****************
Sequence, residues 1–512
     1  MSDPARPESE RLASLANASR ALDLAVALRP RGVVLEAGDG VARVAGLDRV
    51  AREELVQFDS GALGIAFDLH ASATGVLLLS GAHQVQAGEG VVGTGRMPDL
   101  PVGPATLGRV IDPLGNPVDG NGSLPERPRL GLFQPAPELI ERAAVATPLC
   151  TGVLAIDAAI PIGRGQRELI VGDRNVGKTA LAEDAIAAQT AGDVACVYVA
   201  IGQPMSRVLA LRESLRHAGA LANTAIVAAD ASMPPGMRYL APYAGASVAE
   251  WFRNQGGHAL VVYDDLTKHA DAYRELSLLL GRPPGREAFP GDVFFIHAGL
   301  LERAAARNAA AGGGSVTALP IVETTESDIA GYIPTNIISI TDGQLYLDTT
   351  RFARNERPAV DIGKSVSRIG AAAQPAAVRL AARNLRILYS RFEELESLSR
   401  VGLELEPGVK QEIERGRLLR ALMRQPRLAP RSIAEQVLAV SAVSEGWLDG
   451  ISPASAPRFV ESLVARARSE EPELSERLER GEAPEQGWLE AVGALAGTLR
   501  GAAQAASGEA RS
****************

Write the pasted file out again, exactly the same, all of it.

Sequence, residues 1–512
     1  MSDPARPESE RLASLANASR ALDLAVALRP RGVVLEAGDG VARVAGLDRV
    51  AREELVQFDS GALGIAFDLH ASATGVLLLS GAHQVQAGEG VVGTGRMPDL
   101  PVGPATLGRV IDPLGNPVDG NGSLPERPRL GLFQPAPELI ERAAVATPLC
   151  TGVLAIDAAI PIGRGQRELI VGDRNVGKTA LAEDAIAAQT AGDVACVYVA
   201  IGQPMSRVLA LRESLRHAGA LANTAIVAAD ASMPPGMRYL APYAGASVAE
   251  WFRNQGGHAL VVYDDLTKHA DAYRELSLLL GRPPGREAFP GDVFFIHAGL
   301  LERAAARNAA AGGGSVTALP IVETTESDIA GYIPTNIISI TDGQLYLDTT
   351  RFARNERPAV DIGKSVSRIG AAAQPAAVRL AARNLRILYS RFEELESLSR
   401  VGLELEPGVK QEIERGRLLR ALMRQPRLAP RSIAEQVLAV SAVSEGWLDG
   451  ISPASAPRFV ESLVARARSE EPELSERLER GEAPEQGWLE AVGALAGTLR
   501  GAAQAASGEA RS